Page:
Cheeky beverage company loverboy has launched a new drink based on tea, but with a twist: it’s alcoholic. At the moment these are available in the US.

The ‘hard’ tea, as it is called, is marketed mostly to the female market (hence the name) and comes in three flavours. It is served in vibrant small cans, much like the cocktail ones you find in Marks and Spencer (there are other supermarkets available).

In addition to having an alcoholic twist, this ‘hard’ tea’s other unique selling points are the fact that it is zero sugar, yes, zero, just 90 calories, contains no artificial anything, and is organic and gluten free (last being a bit obvious). Essentially, this ‘hard’ tea is the January dream, appealing to those who want to get drunk but not fat.

Consumers have shown an interest in products that have a lower calorie count, and that are seen as a healthy alternative to an otherwise naughty treat, just look at all those ‘only 99 calorie brownies’ out there.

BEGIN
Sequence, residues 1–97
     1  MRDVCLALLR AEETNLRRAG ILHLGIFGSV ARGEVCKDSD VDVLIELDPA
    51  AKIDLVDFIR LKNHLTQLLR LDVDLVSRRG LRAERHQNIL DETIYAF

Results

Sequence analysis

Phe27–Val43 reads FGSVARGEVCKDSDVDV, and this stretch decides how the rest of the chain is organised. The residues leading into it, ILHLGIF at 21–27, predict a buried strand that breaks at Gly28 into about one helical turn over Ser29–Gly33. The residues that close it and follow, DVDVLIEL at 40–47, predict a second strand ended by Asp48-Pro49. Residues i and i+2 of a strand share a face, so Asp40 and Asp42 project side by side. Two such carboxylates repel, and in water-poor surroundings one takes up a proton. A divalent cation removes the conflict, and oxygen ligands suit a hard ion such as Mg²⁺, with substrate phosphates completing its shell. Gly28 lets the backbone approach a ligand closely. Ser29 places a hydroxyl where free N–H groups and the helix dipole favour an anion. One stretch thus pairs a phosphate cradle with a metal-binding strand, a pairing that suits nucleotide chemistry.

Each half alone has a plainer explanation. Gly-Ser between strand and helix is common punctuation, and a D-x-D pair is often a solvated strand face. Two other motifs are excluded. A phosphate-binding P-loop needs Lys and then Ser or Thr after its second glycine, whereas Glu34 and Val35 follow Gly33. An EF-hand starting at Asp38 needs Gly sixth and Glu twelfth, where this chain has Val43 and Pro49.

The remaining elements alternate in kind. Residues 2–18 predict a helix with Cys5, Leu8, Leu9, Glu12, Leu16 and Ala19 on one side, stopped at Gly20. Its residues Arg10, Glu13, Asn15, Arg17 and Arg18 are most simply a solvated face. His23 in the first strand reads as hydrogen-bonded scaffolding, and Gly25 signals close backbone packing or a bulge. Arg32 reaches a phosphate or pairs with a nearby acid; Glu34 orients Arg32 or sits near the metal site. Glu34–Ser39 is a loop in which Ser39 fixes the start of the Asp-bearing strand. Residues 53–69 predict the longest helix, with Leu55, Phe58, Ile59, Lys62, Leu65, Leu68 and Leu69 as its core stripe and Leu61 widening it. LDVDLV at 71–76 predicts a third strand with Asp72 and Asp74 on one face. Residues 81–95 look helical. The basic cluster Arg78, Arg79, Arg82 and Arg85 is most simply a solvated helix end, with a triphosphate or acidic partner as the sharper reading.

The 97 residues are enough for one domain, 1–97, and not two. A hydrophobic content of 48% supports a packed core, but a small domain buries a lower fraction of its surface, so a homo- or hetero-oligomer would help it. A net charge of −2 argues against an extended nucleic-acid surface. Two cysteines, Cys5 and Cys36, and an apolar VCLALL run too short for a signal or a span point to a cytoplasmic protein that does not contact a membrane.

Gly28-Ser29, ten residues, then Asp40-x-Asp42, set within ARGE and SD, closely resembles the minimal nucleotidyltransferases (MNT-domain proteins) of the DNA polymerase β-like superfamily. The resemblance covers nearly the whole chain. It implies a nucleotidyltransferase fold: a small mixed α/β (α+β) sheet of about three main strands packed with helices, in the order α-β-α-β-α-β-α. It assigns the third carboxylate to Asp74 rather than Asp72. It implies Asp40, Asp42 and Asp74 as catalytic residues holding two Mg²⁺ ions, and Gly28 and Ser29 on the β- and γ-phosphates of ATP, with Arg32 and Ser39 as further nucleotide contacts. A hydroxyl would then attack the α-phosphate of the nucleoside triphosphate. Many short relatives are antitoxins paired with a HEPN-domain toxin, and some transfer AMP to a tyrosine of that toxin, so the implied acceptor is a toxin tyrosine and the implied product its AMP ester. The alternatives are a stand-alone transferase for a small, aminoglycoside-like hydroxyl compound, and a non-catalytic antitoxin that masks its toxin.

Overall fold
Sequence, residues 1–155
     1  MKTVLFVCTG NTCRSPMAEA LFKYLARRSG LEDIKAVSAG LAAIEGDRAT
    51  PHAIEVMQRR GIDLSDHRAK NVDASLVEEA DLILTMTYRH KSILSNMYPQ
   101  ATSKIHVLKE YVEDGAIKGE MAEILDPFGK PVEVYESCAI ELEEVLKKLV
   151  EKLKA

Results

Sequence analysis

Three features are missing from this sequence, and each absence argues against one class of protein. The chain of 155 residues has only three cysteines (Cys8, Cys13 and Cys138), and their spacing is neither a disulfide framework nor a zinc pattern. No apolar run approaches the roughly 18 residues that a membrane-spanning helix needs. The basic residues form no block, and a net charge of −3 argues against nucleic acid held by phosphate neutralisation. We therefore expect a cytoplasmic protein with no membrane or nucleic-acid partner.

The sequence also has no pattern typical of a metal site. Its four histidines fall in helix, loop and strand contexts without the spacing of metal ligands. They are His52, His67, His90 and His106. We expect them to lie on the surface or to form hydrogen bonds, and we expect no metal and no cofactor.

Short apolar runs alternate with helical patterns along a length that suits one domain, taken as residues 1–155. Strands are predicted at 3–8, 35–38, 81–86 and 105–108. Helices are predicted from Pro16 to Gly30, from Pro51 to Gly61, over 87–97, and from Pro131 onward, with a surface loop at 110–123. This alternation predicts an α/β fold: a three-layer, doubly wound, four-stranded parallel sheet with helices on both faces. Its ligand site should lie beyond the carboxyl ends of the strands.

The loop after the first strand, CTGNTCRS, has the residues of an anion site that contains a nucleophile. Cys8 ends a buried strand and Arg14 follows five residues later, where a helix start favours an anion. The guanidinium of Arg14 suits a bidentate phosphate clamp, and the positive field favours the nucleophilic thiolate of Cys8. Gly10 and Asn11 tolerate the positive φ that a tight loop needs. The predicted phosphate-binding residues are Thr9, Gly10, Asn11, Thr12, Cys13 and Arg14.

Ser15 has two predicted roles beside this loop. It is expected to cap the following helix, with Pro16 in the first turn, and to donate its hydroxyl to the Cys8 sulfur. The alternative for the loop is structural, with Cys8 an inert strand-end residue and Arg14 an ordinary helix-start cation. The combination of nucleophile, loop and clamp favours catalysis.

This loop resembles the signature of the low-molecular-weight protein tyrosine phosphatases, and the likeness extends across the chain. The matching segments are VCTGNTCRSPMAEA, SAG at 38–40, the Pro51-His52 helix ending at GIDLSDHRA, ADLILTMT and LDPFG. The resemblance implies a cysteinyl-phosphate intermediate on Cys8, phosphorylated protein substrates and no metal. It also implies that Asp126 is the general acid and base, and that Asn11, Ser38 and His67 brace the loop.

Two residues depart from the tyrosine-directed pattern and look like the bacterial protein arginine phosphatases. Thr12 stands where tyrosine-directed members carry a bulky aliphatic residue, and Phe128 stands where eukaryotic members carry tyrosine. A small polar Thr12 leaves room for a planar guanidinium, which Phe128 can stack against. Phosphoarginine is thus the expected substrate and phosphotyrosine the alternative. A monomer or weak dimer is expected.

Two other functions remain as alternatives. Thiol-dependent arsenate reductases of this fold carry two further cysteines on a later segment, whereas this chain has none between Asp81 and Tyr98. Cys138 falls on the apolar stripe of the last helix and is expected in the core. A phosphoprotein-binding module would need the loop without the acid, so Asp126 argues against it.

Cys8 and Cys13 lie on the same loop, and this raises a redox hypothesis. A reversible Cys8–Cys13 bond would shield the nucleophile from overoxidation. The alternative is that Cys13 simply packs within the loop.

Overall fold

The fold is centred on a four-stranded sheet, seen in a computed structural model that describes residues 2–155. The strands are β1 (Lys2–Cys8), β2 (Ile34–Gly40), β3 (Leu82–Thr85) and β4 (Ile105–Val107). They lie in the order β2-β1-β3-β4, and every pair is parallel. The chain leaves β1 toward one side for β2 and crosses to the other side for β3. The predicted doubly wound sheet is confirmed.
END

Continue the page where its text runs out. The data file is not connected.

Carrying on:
And then there is the whole sugar thing. As seen over the last few years, many countries have included sugar taxes in their policies. This is because the implication of too much sugar is seen as bad for you. These drinks address that, and then some.

Reading this, you would think that loverboy’s drinks have all the ingredients to be a huge success. The thing is, it may well be the ingredients that stop it being a huge success. You see, tea is not what people are used to when drinking alcohol. It is, however, the most widely drunk beverage in the world (or possibly even the universe), so in theory it could become popular.

The tea flavours are potentially a bit odd, there is hibiscus Pom, white tea peach and black tea lemon. Good summer drinks maybe, refreshing maybe, but not massively exciting really.

If we think back to the other fads, alcoholic ginger beer, alcopops and canned mixed drinks, then we will realise that these things do not set the world on fire, this is maybe what will happen with alcoholic tea.

One thing that these drinks have over the aforementioned is the low calorie and low sugar content, which should prove appealing, especially in the winter when everyone is on a health kick, so maybe, just maybe, these will be as popular as tea.

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